Sequential surgical signatures in micro-suturing task
- 73 Downloads
Surgical processes are generally only studied by identifying differences in populations such as participants or level of expertise. But the similarity between this population is also important in understanding the process. We therefore proposed to study these two aspects.
In this article, we show how similarities in process workflow within a population can be identified as sequential surgical signatures. To this purpose, we have proposed a pattern mining approach to identify these signatures.
We validated our method with a data set composed of seventeen micro-surgical suturing tasks performed by four participants with two levels of expertise.
We identified sequential surgical signatures specific to each participant, shared between participants with and without the same level of expertise. These signatures are also able to perfectly define the level of expertise of the participant who performed a new micro-surgical suturing task. However, it is more complicated to determine who the participant is, and the method correctly determines this information in only 64% of cases.
We show for the first time the concept of sequential surgical signature. This new concept has the potential to further help to understand surgical procedures and provide useful knowledge to define future CAS systems.
KeywordsPattern mining Surgical training Micro-surgery Suturing
This work was funded by ImPACT Program of Council for Science, Technology and Innovation, Cabinet Office, Government of Japan. Authors thanks the IRT b<>com for the provision of the software “Surgery Workflow Toolbox [annotated],” used for this work.
Compliance with ethical standards
Conflict of interest
The authors declare that they have no conflict of interest.
All procedures performed in studies involving human participants were in accordance with the ethical standards of the institutional and/or national research committee and with the 1964 Helsinki declaration and its later amendments or comparable ethical standards.
This articles does not contain patient data.
- 1.Jannin P, Raimbault M, Morandi X, Gibaud B (2001) Modeling surgical procedures for multimodal image-guided neurosurgery. In: Niessen Wiro J, Viergever Max A (eds) Medical image computing and computer-assisted intervention MICCAI 2001. Number 2208 in lecture notes in computer science. Springer, Berlin, pp 565–572CrossRefGoogle Scholar
- 3.Reiley CE, Hager GD (2009) Task versus subtask surgical skill evaluation of robotic minimally invasive surgery. In: Medical image computing and computer-assisted intervention MICCAI 2009. Lecture notes in computer science. Springer, Berlin, Heidelberg, pp 435–442Google Scholar
- 5.Neumuth T, Strau G, Meixensberger J, Lemke HU, Burgert O (2006) Acquisition of process descriptions from surgical interventions. In: Bressan S, Kng J, Wagner R (eds) Database and expert systems applications. Number 4080 in lecture notes in computer science. Springer, Berlin, pp 602–611CrossRefGoogle Scholar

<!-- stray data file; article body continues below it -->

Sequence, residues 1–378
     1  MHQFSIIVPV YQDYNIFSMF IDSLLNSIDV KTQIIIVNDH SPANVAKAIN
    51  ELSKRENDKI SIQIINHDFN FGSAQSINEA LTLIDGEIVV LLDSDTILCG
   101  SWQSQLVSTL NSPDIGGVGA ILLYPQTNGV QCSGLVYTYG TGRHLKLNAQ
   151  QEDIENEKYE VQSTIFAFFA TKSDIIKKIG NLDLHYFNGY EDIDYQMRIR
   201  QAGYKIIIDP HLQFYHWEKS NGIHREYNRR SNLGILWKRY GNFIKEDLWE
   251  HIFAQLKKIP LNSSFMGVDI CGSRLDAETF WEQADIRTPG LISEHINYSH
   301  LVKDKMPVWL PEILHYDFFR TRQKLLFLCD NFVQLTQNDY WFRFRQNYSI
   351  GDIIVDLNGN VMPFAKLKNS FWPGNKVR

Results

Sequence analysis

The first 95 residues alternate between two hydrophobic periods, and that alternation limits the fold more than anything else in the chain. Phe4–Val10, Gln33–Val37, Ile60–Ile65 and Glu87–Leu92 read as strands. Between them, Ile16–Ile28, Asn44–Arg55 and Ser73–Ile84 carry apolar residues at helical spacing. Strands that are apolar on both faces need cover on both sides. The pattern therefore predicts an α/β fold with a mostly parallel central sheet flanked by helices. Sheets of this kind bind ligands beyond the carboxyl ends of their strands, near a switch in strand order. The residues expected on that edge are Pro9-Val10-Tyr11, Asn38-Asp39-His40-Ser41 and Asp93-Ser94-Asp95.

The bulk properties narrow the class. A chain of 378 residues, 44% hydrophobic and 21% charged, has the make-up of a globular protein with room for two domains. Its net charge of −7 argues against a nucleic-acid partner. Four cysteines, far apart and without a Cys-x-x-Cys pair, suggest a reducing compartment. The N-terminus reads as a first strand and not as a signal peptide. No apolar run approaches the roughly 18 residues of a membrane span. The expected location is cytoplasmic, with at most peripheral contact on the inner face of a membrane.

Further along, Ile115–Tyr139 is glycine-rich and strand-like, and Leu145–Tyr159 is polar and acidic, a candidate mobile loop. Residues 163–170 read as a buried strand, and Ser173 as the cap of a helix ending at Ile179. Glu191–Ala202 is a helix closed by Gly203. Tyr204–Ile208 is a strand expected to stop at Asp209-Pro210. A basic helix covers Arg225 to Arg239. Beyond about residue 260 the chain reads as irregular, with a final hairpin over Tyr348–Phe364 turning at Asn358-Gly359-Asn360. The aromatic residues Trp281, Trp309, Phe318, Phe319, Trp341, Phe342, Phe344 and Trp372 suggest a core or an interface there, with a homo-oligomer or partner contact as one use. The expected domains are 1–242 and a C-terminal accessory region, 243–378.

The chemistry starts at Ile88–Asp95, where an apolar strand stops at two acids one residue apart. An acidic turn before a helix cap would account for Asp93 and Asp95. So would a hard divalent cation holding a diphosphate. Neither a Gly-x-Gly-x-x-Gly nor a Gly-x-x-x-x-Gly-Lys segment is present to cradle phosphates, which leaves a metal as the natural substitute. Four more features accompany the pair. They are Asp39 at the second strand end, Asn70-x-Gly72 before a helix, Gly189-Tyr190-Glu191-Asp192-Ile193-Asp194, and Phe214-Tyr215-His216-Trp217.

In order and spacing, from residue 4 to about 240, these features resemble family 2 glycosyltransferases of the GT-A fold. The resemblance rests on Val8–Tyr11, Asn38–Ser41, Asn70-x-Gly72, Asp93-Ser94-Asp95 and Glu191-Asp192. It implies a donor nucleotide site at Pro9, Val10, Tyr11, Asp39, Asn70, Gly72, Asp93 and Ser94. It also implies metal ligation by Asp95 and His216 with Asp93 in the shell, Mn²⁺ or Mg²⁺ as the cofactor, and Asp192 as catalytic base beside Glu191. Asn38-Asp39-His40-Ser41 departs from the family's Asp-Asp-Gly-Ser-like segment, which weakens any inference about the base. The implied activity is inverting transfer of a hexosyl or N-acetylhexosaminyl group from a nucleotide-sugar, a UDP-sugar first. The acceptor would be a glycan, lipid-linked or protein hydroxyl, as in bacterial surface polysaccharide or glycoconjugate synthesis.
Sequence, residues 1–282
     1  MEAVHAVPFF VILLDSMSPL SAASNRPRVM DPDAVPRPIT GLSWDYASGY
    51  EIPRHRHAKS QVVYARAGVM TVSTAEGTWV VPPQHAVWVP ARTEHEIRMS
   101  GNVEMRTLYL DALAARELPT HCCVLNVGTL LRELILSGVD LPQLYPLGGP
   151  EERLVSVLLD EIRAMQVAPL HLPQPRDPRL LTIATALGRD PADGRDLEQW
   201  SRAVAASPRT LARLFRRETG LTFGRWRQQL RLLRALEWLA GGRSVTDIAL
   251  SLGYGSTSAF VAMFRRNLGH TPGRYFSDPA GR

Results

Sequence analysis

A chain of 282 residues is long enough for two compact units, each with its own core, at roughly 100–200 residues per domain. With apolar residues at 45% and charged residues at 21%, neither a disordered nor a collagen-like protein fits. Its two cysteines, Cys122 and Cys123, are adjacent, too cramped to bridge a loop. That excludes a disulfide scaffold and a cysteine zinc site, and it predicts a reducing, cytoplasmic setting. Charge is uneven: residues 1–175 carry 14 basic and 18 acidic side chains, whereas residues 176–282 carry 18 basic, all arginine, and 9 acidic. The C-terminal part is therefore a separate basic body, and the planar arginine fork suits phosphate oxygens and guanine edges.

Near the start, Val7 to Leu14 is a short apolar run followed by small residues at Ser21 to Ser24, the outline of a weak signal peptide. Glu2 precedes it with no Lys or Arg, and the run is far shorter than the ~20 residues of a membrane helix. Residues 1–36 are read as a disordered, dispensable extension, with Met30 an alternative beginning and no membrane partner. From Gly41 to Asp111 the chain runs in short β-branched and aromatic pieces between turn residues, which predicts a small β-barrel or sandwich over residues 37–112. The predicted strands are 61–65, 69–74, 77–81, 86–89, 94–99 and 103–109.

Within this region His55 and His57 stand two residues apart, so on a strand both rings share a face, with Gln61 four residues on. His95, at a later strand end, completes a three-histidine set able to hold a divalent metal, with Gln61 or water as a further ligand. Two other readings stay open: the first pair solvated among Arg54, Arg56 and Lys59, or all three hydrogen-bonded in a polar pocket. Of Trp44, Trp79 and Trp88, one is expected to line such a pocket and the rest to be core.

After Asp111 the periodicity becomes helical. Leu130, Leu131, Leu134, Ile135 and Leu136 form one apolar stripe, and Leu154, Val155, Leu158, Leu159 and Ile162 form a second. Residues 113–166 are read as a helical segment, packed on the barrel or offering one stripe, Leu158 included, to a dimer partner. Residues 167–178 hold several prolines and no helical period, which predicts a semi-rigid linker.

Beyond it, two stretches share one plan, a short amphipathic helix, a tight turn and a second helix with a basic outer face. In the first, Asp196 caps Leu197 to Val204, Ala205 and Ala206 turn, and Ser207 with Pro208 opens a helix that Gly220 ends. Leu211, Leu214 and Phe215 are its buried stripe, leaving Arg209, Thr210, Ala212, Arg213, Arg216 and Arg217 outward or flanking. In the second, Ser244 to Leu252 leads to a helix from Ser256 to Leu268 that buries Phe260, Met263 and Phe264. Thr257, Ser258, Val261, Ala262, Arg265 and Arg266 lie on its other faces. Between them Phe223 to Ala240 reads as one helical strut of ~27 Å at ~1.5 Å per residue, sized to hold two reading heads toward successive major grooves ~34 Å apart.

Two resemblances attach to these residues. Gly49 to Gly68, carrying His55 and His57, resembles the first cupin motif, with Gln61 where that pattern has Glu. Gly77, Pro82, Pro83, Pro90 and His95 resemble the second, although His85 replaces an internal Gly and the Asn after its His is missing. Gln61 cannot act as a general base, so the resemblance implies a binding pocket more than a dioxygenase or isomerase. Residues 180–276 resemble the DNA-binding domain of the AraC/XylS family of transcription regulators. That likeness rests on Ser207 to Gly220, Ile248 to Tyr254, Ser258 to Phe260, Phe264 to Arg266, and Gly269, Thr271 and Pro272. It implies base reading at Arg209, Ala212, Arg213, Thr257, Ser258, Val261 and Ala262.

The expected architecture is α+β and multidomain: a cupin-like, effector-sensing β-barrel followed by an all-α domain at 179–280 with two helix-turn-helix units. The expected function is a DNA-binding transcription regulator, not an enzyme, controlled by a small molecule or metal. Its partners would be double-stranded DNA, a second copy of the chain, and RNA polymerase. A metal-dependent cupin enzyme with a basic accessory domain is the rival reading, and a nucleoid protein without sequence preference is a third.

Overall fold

- 6.Padoy N, Blum T, Feussner H, Berger MO, Navab N (2008) On-line recognition of surgical activity for monitoring in the operating room. In: IAAI, pp 1718–1724Google Scholar
- 9.James A, Vieira D, Lo B, Darzi A, Yang G-Z (2007) Eye-gaze driven surgical workflow segmentation. Med Image Comput Comput Assist Interv MICCAI 2007:110–117Google Scholar
- 10.Ko S-Y, Kim J, Lee W-J, Kwon D-S (2007) Surgery task model for intelligent interaction between surgeon and laparoscopic assistant robot. Int J Assit Robot Mech 8(1):38–46Google Scholar
- 16.Cao C, MacKenzie CL, Payandeh S (1996) Task and motion analyses in endoscopic surgery. In: Proceedings ASME dynamic systems and control division. Citeseer, pp 583–590Google Scholar
- 17.Forestier G, Petitjean F, Senin P, Despinoy F, Jannin P (2017) Discovering discriminative and interpretable patterns for surgical motion analysis. In: Conference on artificial intelligence in medicine in Europe. Springer, Berlin, pp 136–145Google Scholar
- 18.Mitsuishi M, Morita A, Sugita N, Sora S, Mochizuki R, Tanimoto K, Baek YM, Takahashi H, Harada K (2013) Master-slave robotic platform and its feasibility study for micro-neurosurgery: master-slave robotic platform for microneurosurgery. Int J Med Robot Comput Assist Surg 9(2):180–189CrossRefGoogle Scholar
- 19.Garraud C, Gibaud B, Penet C, Gazuguel G, Dardenne G, Jannin P (2014) An ontology-based software suite for the analysis of surgical process model. In: Proceedings of Surgetica’2014. Chambery, France, pp 243–245Google Scholar
- 20.Sokal RR, Michener CD (1958) A statistical method for evaluating systematic relationships. Univ Kans Sci Bull 28:1409–1438Google Scholar
- 21.Process mining and automated process discovery software for professionals—fluxicon disco. URL https://fluxicon.com/disco/. Accessed 18 Dec 2017